So much of our lives are gut reactions; they drive our newsfeeds, and they make our minds smaller. At TED2017, we decided to step back from the frenzy of the news media cycle to take an in-depth and nuanced look at three topics of particular interest — the forward march of machine learning with Sebastian Thrun, the future of storytelling with Shonda Rhimes and the health of our planet with Stewart Brand.
An optimistic pitch for AI. Innovator, entrepreneur, educator and computer scientist Sebastian Thrun is the CEO of Udacity, which offers massively open online courses in deep learning, digital marketing, robots and much more. In a wide-ranging conversation with TED Curator Chris Anderson, Thrun discussed self-driving cars, how people are insanely creative, the future of AI and machine learning — and why he’s optimistic, not fearful, about it.
“AI and machine learning is about 60 years old,” says Sebastian Thrun. “But only recently we have reached a scale of data computing that is necessary to make computers smart — that is, capable of emulating specialized human thinking.” Thrun predicts that rather than enslaving us, deep learning will free us from repetitive, unstimulating tasks, allowing us to unlock superhuman creativity. He shows us a neural network he helped develop that’s trained to detect cancer melanomas and carcinomas — with more accuracy and speed than human dermatologists. But is there still reason to be fearful of our future robotic overlords? Thrun doesn’t think machines will soon gain consciousness; they may be good at replicating specialized ways of human thinking but AlphaGo, the Go-winning robot, isn’t going to drive a car anytime soon. “The last thing I want is an AI with consciousness. I don’t want my refrigerator to fall in love with my dishwasher,” Thrun says. “AI has always been an augmentation of people, of us, to make us smarter. It can make us much much stronger as a human race.”
The future of storytelling. “We all feel a need to watch, tell and share stories — to tell each other that we’re not alone in the world,” says Shonda Rhimes. A dominant force in television since Grey’s Anatomy hit the airwaves in 2005, Rhimes is a titan. In conversation with Cyndi Stivers, director of the TED Residency program, Rhimes discussed why people tell stories, the future of media networks, how the proliferation of distribution networks sometimes makes it harder to find a good story, how storytellers and creators will get paid in the future — and a very intriguing concept known as the “Amish summer,” in which she takes away her kids’ computers and tablets for a season.
Unlike the news, which seems to be getting narrower and narrower, television seems to be getting wider, Rhimes says. On her own shows, Rhimes has always tried to make television that looks like the real world — exemplified by how, to the surprise of network executives, she never typecasts her characters — and that idea seems to be catching on. Plus with new platforms to tell stories and new sources of funding from companies like Amazon and Netflix, Rhimes says “television can now exist for international communities” which is important because “we should be taking other places into account.” Now, she’s looking for ways using her narrative-building skills as a force for good. “Campaigns, including the American Democratic party, could be helped with a better narrative,” Rhimes says, touching on her time campaigning for Hillary Clinton. The stories we tell shape how we understand and interpret the world, she says — and we can all benefit from a good story.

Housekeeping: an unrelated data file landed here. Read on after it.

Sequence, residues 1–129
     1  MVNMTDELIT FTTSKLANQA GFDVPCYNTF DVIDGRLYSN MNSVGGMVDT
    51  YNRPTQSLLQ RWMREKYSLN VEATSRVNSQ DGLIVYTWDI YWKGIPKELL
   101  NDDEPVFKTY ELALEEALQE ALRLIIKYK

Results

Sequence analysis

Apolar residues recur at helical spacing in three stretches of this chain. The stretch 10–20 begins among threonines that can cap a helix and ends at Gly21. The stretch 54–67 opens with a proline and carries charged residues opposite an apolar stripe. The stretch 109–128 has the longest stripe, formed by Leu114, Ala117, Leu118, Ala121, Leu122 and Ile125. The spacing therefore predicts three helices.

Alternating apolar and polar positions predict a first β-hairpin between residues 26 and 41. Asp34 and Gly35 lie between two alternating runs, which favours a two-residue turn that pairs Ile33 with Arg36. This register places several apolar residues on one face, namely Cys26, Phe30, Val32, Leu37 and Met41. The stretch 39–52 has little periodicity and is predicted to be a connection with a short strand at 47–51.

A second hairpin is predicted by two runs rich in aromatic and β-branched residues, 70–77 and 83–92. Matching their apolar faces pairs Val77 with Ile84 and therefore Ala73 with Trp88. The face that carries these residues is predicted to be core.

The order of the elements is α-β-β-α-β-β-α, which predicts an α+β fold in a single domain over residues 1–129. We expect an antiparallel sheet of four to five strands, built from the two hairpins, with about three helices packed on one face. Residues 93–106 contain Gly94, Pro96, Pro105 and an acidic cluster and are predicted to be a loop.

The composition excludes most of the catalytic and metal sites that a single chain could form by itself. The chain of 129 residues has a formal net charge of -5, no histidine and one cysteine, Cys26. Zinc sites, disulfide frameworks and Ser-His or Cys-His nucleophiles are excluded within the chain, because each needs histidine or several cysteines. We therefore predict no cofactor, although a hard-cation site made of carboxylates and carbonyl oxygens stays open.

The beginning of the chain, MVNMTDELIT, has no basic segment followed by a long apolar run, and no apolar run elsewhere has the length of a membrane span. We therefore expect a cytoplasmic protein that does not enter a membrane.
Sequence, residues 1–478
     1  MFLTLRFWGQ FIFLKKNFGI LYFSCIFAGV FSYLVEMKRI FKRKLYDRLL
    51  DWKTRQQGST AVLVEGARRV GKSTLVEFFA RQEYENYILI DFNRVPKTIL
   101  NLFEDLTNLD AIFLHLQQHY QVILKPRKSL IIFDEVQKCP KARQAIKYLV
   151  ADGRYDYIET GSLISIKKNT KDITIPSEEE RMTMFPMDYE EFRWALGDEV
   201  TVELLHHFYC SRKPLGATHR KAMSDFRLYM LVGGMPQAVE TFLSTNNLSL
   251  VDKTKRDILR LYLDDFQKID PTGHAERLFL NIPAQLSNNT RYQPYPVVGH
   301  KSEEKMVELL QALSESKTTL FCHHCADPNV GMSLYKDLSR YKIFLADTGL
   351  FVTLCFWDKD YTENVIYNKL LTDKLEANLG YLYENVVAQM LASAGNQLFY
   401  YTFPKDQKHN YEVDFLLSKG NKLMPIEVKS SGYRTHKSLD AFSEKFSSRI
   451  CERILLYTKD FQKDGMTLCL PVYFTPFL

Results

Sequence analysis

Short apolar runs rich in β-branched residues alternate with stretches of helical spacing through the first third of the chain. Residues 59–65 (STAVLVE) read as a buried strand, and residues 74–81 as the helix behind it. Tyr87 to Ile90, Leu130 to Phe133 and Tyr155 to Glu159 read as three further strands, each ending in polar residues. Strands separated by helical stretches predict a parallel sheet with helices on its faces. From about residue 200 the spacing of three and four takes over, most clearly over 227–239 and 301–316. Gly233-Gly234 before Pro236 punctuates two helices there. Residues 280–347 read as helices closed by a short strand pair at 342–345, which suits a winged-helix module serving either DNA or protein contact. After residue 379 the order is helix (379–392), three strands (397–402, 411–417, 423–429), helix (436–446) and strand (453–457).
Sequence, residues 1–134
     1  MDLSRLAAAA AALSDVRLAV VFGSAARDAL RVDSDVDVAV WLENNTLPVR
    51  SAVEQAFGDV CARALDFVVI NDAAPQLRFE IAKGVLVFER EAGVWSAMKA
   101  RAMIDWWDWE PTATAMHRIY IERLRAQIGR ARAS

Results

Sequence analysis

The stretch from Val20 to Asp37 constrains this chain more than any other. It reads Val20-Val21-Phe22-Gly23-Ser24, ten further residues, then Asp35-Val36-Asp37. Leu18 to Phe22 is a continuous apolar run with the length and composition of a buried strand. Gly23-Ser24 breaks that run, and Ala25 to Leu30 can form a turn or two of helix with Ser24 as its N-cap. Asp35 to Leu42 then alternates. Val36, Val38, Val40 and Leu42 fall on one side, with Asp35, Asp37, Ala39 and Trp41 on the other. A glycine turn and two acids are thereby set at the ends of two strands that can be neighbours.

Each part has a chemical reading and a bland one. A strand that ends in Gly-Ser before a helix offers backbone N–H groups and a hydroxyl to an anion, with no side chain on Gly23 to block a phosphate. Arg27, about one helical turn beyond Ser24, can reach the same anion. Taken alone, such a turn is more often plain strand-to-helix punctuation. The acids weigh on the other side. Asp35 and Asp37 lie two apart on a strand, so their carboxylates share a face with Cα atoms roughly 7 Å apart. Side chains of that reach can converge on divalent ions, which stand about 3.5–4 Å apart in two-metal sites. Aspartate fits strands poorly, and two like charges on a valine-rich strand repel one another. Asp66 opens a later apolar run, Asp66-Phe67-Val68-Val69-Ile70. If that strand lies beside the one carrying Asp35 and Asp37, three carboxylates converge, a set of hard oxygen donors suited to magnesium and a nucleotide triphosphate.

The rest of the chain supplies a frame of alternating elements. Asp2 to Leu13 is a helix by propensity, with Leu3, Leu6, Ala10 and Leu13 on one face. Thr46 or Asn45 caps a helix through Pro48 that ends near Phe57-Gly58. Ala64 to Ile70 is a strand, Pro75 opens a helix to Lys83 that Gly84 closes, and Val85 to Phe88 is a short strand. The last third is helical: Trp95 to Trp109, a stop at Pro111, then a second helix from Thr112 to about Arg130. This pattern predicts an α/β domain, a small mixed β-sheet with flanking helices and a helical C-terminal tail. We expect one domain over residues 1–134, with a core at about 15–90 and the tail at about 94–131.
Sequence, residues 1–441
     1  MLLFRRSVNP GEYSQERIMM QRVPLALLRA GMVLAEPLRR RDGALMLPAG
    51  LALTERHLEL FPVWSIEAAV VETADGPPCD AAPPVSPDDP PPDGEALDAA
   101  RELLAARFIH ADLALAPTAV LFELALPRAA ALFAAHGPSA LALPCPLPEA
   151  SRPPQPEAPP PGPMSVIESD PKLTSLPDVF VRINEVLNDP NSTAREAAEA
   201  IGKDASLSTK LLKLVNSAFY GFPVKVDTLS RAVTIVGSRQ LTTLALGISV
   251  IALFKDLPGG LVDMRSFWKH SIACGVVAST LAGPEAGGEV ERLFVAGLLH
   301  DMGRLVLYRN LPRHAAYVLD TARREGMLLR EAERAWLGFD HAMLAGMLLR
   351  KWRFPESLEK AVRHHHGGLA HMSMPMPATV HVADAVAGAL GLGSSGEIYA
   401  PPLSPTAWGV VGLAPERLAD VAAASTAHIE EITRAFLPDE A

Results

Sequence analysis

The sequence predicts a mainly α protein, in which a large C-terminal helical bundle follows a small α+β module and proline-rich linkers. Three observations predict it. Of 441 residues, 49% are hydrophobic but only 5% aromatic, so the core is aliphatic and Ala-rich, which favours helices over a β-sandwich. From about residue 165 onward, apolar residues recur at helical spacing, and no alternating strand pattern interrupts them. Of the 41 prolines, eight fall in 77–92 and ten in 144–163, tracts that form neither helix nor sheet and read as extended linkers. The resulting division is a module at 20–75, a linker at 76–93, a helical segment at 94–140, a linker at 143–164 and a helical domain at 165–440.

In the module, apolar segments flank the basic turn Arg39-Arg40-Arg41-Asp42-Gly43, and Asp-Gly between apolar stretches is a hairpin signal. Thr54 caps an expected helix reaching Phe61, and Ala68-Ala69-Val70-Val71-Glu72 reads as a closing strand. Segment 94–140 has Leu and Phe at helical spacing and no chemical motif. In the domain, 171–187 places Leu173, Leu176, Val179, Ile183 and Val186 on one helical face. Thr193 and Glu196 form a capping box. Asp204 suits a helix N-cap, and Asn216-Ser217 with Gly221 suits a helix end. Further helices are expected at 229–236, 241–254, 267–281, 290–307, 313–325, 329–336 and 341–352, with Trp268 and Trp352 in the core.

Bringing back the mammoths and other thoughts on the health of the planet. In a fascinating conversation with TED Curator Chris Anderson, visionary Stewart Brand talked about bringing back the wooly mammoth, geoengineering and science as organized skepticism. Plus a story of an acid trip on an LA rooftop in the late 1960s that showed him the curvature of the earth and rewired his perceptions for good.
“The story we’re told is that we’re the next meteor,” Brand says, but his message is less doom and gloom. He disputes the idea that we’re in the middle of a mass extinction event right now, and he talks optimistically about how Earth now has more green space than ever before. He also thinks human population is reaching a peak that will cap at around 9.5 billion, and that our moving into cities is a good thing — the more land we can give back to Nature, the better.
While we may not be in the middle of a mass extinction, Brand does think we should be actively working to fix the negative effects of climate change. Just because the land is producing more doesn’t mean the planet is healthy, and Brand points toward coral-bleaching events in the oceans as proof that we need to do something about the negative effects we’re having on the planet. He advocates for ambitious geoengineering projects like the ones proposed by Danny Hillis. “The same way we try to understand the human body with medicine, we need to try to fix what we’ve done to the planet,” Brand argues.
As for the wooly mammoth, Brand sees his work on Revive & Restore as important because we should want a world with the mammoths. “Large animals with sharp teeth and claws are important for ecosystems,” he concludes.